Monday, April 30, 2012

Review: Mayim Bialik's Beyond the Sling

As promised, I started Beyond the Sling: A Real-Life Guide to Raising Confident, Loving Children the Attachment Parenting Way by Blossom and  Big Bang Theory's beloved Mayim Bialik (she's got her Ph D. in neuroscience now, if you haven't heard, the woman is SMART!).

Anywhoo, Bialik is a self-proclaimed "green" and "granola" mama. So I knew what I was getting into when I picked up her book. I say this because, I'm typically an "eye-roller" when is comes to the Granolas. I am the opposite of a Granola, at least by most measures of the term. I had a scheduled c-section, I breastfed until my lady bits just couldn't take it anymore--and couldn't establish a supply (read stopped for my convenience), fed organic baby food until we just couldn't afford it anymore (WIC only provided non-organic for us while my DH was unemployed), we eat a standard American diet including beef, I use disposable diapers, and my son plays with gasp, PLASTIC toys--some of which are even from China, double gasp
Image from

But, after reading Bialik's book, she (almost) has me as an "Attachment Parenting (AP)" convert, at least I feel a little more "crunchy" after some shifting of my thoughts on certain topics. What is attachment parenting? From what I glean from Bialik's book, attachment parenting is a form of parenting naturally, where you use your primal instincts to raise your child, providing the ideal attachment to the mother, and sense of security for the child. Some of the things that AP parents practice are:
  • "Natural, drug-free birth
  • Breastfeeding
  • Sensitivity to your children and their needs
  • Bonding through touch
  • Co-sleeping
  • Be an available parent
  • Positive discipline, i.e. no spanking or other forms if corporal punishment
  • Balance of the child's needs and your own" (Beyond the Sling, p.10)
Bialik goes on to back up all of these practices with scientific evidence from reputable sources like the AAP.  But all of the beliefs are rooted in the fact that these are all practices that our "cave people" ancestors did, and most Non-Western communities still do as the norm.

Her argument for natural childbirth, and VBAC (vaginal birth after Cesarean) has me really considering establishing a natural birth plan for when I have my next child. And her honest approach to breast feeding and her tips for establishing breast feeding support, have given me the power to actually WANT to breastfeed, where as before, I viewed it as an obligation to my baby.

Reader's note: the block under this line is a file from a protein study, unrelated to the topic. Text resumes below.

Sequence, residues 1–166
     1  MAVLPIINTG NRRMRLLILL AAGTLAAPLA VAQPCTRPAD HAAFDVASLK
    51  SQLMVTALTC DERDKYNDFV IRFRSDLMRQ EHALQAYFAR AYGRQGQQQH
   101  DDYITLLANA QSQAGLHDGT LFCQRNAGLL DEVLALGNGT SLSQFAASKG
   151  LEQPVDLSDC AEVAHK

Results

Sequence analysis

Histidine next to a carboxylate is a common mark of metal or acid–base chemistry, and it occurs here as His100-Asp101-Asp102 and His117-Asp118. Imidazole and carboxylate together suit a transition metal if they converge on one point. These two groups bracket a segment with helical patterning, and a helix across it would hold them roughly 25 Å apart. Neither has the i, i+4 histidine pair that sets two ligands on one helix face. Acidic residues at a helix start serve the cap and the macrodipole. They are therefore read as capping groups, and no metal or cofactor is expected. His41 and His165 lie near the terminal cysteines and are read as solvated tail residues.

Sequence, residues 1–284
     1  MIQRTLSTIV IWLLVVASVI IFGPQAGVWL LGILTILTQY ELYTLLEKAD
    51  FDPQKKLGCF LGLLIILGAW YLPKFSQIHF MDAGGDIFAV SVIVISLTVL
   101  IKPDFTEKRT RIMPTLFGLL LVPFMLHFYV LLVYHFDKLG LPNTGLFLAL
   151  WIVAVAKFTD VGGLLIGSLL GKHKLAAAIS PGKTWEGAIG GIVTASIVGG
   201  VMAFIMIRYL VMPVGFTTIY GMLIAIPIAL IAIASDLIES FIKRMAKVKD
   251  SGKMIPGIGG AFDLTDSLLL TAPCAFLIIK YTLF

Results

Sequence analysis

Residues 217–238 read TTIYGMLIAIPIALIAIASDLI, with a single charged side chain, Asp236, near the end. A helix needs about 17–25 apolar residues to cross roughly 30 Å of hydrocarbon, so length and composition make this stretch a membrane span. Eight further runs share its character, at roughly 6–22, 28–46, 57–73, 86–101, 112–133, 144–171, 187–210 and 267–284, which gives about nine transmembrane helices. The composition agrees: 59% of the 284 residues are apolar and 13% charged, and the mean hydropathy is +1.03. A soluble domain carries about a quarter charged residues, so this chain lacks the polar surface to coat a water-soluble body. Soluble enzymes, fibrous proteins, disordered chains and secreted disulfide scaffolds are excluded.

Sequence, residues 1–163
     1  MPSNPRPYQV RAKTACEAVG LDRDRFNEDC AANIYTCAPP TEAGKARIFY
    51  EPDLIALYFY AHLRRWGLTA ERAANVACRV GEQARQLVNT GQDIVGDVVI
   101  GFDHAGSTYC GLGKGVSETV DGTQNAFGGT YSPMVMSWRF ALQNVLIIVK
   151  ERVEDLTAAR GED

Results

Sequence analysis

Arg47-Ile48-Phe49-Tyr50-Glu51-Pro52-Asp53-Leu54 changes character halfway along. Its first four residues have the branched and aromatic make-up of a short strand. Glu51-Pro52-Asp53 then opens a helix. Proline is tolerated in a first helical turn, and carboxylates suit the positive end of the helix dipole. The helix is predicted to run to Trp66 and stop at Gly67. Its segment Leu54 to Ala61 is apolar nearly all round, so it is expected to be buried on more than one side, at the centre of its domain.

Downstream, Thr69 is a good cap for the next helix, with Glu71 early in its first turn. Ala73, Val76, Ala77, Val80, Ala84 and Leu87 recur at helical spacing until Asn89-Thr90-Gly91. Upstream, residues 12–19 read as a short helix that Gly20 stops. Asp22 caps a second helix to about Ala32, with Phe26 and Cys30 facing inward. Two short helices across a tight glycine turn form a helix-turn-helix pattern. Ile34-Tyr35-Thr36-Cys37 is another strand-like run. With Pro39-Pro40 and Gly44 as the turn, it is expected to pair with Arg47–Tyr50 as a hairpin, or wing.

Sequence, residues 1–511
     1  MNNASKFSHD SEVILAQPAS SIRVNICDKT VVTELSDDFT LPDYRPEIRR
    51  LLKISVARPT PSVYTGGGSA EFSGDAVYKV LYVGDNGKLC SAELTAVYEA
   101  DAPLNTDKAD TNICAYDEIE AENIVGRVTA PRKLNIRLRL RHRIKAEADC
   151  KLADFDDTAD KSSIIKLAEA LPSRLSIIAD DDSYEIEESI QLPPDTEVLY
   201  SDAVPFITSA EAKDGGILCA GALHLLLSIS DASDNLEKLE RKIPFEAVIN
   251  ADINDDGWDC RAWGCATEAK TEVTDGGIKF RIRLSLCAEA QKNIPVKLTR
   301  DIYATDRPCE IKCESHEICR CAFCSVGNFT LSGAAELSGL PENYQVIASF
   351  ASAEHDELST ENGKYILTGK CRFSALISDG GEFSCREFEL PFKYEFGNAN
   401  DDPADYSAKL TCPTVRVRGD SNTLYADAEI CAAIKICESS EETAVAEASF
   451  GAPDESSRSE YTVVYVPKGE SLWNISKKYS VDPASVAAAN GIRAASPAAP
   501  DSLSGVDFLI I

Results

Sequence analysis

With my next child, I also hopeful to be an avid "babywearer". My son, was diagnosed with colic, but it is evident to me in hind-sight that he was just a "high-needs" baby
\ that wanted to be held a lot. I was of the school of thought that you can hold a baby too much, and that the only way to establish independence is to put them down. Bialik's emphasis on a baby's "wants are their needs" for at least their first year of life, really changed my mind on this. I truly believe that if I just would have worn my son, and kept him close, that he would not have been such a screamer and I wouldn't have ended up with post-partum depression.

I also endorse Bialik's take on buying limited amounts of "baby-stuff", and staying away from "unnecessary medical intervention". However, there are some portions of her book that I disagree with.

For starters, Bialik does not let her children watch TV or movies. The book seems to illustrate that her main reasoning for this is because it encourages consumerism in children. I.e. they see Dora on T.V., so they are going to want the Dora doll at the store. Though the AAP doesn't approve of limited T.V. watching until after age 2, my son has been "watching" T.V. since about 3 months. I view the T.V. as a learning tool. My son ONLY watches educational television, with no commercials, with one exception. Disney movies, specifically Cars. It was evident in my son's ability to sign around 9 months that the Baby Signing Time DVDs encouraged his signing. It is also evident in his ability to count to 10 and name all of the letters of the alphabet before the age of two, that watching shows like Team UmiZoomi and SuperWhy are encouraging his alphanumeric skills. Does he point out all of the stuff in the store that has Lightening McQueen and Dora on it? Sure he does, but do I buy all of it for him? No. Because that is part of effective parenting too, that is, teaching kids that they can't always get what they want.

I'm also not totally on board with Bialik's takes on pressure and discipline. 

Overall, Bialik's Beyond the Sling is a great book, and well argued. It really got me, a not so crunchy mama, thinking, and provided me with a very well-reasoned, and honest approach to this alternative way of parenting. To be honest, I couldn't put the book down, in part because I find this style of parenting so fascinating (Bialik's second son being "potty-trained from birth" and the topic of Elimination Communication was a jaw dropper.), and because I now wish that I could parent in such a fashion (I think I would have to develop a WHOLE new idea of patience). Overall, I give this book 5 out of 5 stars for it's honest, real-life application and it's ability to open my eyes, and leave my judgement behind. 

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